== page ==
Vertical Jamming
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1Cheers 29:08
2Encore 26:50
3Drone (Digital Bonus) 11:17

A scene-setter for a forthcoming LP of unheard material, Vertigo KO, coming soon on Disciples. Vertical Jamming rescues two expansive longform pieces from a tour only CD released in 2016, and adds a previously unreleased track, “Drone”.

Explaining the background to the music, Phew comments: “Drone was recorded in 2014. It is a track that expresses the mood of those days, guided by the sound of a very simple oscillator. At the time of the catastrophe in Japan in 2011 and the Fukushima nuclear accident, and the change of government in 2013, I didn't feel like singing at that time, and instead started making music using a very simple oscillator. Cheers and Encore recorded alongside the album New World using two more complex synthesizers. The content is a sequel to Drone, a sketch of the mental landscape from 2014 to 2015.”

The hypnotic sprawl of the music bridges the dystopian sci-fi soundscapes of Edward Artemiv’s Stalker soundtrack and the untethered generative labyrinth of contemporary Autechre productions, whilst still retaining smudges of human warmth that anchor the listening experience: a primitive Suicide-eque drum machine that drives the hums and bleeps of the synth forward, or a drone collapsing into squawks and trills akin to a flock of birds.

The limited edition 60-minute cassette version has “Cheers” and “Encore” given a side each, with “Drone” available as a digital download bonus track. Housed in a two colour printed j-card cassette box designed by Studio Tape Echo. It is the fourth in the Disciples series of half-releases, following on from the Black Lodge Lodgewars tape (DISC1.5), the Bogdan Raczynski x 8ball jungle soundclash We Used To Corrupt Each Other With Art & Coffee (DISC2.5), and His Name Is Alive radio collage 6Teen OK (DISC3.5). Further entries in this ongoing ‘deeper dive’ side catalogue are coming soon from the roster, including some unexpected collaborations.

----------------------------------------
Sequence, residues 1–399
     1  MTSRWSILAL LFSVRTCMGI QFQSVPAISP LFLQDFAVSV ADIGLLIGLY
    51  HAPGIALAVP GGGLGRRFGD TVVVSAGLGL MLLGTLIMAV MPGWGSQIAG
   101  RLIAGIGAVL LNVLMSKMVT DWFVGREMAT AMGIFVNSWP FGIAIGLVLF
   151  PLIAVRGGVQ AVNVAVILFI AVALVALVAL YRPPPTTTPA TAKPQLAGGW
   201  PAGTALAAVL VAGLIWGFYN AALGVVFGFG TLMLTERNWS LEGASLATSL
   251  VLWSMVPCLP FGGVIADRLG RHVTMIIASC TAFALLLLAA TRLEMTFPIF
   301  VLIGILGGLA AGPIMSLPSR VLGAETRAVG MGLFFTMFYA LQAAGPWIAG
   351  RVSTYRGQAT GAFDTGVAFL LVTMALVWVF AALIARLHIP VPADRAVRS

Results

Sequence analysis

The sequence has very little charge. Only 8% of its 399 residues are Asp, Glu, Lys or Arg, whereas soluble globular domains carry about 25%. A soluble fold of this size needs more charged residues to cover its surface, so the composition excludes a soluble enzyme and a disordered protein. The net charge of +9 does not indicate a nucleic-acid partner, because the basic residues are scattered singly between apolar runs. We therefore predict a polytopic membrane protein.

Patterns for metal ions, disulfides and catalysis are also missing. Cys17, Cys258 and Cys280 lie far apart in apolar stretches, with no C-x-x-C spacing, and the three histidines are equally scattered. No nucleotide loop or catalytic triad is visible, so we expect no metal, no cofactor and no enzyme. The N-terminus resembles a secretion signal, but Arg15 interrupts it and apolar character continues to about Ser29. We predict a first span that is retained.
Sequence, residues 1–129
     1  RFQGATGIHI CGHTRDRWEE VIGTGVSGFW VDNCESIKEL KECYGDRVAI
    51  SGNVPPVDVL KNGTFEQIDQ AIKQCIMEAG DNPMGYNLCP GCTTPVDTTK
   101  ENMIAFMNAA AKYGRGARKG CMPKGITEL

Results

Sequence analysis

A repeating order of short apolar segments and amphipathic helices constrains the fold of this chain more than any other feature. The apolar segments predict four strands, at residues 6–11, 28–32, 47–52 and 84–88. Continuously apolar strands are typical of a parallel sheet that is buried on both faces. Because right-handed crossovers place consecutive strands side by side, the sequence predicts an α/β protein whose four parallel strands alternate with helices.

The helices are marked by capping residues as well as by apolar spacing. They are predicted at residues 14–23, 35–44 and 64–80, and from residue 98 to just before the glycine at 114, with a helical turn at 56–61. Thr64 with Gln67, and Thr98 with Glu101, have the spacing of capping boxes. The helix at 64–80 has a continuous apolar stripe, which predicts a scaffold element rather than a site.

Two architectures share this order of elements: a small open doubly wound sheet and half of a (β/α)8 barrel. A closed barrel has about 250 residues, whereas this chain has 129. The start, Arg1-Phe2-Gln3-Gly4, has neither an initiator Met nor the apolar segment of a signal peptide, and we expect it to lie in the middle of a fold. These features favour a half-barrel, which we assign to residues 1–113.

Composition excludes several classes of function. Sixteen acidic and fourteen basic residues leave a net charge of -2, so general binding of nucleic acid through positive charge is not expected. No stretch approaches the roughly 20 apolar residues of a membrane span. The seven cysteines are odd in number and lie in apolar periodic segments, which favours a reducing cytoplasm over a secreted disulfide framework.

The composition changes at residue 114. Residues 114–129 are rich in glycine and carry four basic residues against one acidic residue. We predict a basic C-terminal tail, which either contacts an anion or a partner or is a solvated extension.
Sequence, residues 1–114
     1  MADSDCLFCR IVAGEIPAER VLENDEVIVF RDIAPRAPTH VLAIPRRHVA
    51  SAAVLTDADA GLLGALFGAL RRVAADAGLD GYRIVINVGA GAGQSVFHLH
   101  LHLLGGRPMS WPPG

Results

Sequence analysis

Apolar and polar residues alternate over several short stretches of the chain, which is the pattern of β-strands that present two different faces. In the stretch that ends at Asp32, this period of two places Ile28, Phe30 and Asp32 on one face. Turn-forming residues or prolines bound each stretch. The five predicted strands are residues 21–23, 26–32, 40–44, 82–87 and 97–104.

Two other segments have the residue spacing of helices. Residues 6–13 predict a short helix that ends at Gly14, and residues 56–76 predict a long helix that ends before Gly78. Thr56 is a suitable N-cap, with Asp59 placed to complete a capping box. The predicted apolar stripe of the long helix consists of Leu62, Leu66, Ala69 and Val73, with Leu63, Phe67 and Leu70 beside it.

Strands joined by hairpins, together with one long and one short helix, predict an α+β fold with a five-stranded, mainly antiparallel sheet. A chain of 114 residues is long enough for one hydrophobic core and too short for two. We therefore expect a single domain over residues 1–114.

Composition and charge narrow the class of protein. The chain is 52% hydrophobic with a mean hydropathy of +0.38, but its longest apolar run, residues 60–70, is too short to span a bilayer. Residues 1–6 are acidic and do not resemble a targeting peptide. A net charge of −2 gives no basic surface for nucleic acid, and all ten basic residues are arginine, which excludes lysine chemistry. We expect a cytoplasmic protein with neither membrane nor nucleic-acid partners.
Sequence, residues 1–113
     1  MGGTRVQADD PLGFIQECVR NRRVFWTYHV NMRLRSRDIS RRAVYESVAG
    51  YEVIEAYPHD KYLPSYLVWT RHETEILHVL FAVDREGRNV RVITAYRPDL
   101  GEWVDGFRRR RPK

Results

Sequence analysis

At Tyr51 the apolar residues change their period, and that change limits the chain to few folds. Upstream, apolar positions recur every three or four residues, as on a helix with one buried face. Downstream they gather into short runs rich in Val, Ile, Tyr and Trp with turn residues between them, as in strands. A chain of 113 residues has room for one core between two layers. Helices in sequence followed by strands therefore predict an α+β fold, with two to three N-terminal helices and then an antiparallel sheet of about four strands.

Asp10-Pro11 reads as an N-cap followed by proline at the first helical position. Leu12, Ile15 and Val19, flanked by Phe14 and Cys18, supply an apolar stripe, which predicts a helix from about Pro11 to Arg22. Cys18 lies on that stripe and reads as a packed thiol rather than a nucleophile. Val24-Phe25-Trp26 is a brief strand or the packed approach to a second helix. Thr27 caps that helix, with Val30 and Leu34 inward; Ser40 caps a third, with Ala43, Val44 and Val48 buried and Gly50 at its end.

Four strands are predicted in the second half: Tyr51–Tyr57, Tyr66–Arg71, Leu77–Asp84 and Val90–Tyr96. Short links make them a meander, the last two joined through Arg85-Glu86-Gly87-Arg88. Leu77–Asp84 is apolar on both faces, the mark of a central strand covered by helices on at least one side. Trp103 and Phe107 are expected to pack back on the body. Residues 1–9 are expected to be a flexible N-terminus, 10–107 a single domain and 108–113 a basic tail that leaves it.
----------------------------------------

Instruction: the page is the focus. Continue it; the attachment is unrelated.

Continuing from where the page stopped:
Phew is a legendary figure in Japanese underground music. Starting out in 1978 fronting one of Osaka's earliest punk groups, Aunt Sally, and going on to collaborate with a whole host of notable names as a solo artist in the 80s, including Ryuichi Sakamoto, Conny Plank, Holger Czukay and Jaki Leibzeit of Can, Alex Hacke of Einstürzende Neubauten, and Chrislo Haas of DAF. In recent years she's made music on record or live with Ana Da Silva of The Raincoats, Jim O'Rourke, Oren Ambarchi, Ikue Mori, and Yoshimi of OOIOO / Boredoms / Saicobab. For Disciples however, the most interesting aspect of Phew's work is the fact she has made her strongest musical work in the last few years, working entirely on her own. There's a lot of interest from crate-digger type labels in her early 80s new wave oriented work, and the names she's worked with are impressive, but there's no doubt in our minds that her two most recent records, Light Sleep and Voice Hardcore, are modern classics. It’s this period of her work that we were keen to explore with these releases, a contemporary archive of incredible and unique music.